Spatio-temporal Structure of the Boundary Layer under the Impact of Mountain Waves
Kalthoff, N., Adler, B., and Bischoff-Gauss, I.
Meteorologische Zeitschrift, doi: 10.1127/metz/2020/1033
- Datum: 2020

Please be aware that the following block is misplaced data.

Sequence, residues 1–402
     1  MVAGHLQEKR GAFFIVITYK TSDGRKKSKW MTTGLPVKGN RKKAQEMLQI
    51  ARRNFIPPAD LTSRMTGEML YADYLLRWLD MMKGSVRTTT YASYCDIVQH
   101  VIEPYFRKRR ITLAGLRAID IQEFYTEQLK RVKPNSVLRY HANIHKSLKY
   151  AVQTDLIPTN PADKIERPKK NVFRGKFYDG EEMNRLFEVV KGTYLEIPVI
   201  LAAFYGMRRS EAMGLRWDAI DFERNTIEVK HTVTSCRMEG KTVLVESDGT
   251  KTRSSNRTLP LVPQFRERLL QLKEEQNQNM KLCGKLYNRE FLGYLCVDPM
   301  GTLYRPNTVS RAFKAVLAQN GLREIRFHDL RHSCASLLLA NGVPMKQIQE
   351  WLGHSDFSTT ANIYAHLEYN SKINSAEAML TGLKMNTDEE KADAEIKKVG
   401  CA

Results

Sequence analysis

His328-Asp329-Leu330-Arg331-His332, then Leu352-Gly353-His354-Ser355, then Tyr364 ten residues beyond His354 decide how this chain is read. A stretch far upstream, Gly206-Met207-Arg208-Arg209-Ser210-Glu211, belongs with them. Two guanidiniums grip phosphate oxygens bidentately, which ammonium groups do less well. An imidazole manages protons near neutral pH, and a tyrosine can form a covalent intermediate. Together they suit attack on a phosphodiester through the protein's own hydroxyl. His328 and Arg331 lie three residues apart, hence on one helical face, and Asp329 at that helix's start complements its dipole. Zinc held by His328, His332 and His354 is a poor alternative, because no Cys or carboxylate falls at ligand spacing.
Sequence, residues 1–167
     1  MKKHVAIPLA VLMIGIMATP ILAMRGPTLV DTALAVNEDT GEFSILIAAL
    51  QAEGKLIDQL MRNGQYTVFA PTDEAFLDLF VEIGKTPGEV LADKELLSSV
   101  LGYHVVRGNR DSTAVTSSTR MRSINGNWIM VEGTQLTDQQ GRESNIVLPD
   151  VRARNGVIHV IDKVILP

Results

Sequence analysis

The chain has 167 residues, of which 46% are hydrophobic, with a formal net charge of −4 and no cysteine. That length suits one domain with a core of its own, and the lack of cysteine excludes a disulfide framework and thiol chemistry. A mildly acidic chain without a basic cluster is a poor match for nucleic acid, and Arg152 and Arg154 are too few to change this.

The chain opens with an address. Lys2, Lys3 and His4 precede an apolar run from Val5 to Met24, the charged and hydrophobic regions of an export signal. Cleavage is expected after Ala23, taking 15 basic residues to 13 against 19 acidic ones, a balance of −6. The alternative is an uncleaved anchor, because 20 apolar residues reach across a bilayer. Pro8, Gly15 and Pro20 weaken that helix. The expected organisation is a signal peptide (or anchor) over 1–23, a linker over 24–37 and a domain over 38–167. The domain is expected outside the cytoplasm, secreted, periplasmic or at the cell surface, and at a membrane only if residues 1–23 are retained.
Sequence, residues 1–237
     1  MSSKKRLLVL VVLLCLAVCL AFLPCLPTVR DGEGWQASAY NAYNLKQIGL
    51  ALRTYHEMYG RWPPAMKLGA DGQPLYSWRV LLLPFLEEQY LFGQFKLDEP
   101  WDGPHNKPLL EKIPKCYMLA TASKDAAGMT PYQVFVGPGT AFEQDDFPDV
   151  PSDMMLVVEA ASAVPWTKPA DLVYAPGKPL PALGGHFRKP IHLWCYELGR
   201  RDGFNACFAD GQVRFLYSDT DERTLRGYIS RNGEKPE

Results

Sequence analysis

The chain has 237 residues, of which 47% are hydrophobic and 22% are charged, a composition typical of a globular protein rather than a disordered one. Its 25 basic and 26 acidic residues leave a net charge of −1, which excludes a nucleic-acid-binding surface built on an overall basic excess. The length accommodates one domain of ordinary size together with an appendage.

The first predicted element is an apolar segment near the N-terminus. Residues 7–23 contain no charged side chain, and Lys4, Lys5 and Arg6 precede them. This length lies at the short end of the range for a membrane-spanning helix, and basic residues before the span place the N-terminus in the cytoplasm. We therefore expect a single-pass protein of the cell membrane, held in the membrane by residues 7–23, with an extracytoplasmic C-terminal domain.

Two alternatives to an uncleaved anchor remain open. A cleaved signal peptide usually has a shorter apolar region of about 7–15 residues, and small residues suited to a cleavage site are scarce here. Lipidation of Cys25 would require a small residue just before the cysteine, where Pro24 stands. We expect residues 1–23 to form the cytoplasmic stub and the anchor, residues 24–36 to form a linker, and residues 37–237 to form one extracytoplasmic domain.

During the Hydrological cycle in the Mediterranean Experiment (HyMeX) in autumn 2012 intensive measurements were conducted in the Tavignano Valley, which extends from the centre to the coast of the island of Corsica. On the investigated day, the atmospheric boundary layer (ABL) in the valley showed a distinctive spatio-temporal variability, which resulted from the interaction and superposition of mesoscale dynamically- and thermally-driven processes and dry convection. Based on the observations, not all of the observed ABL characteristics could be explained and hypotheses on the involved processes were formulated in a previous study. To close the observational gaps and to test the hypotheses, high-resolution simulations with the COSMO (Consortium for Small-scale Modeling) model were now performed. The model was able to reproduce the main ABL characteristics and could hence be used to address the processes affecting the ABL. The main features were: in the upper part of the valley, the stable nocturnal ABL was eroded from top and bottom alike by shear-generated turbulent mixing in the vicinity of a mountain wave and buoyancy- and shear-driven surface-based turbulent mixing, leading to a very abrupt increase of the daytime ABL depth. In the lower part of the valley, the ABL remained rather shallow and was dominated by a superimposed thermally-driven sea breeze and upvalley wind. In the afternoon, the formerly deep ABL in the upper part of the valley rapidly decreased when the combined sea breeze and upvalley wind moved up the valley. While the ABL depth was rather horizontally homogeneous in the lower part of the valley and near the coast, it showed a considerable variability in the valley's upper part on scales of a few kilometres due to the varying dominance of the different processes. The local ABL depth also varied considerably in time depending on which influence dominated, i.e. of surface heating, mountain wave or sea breeze and upvalley wind. As the simulated sea breeze strongly depended on the sea-surface temperature, the results were sensitive to the chosen value in the model.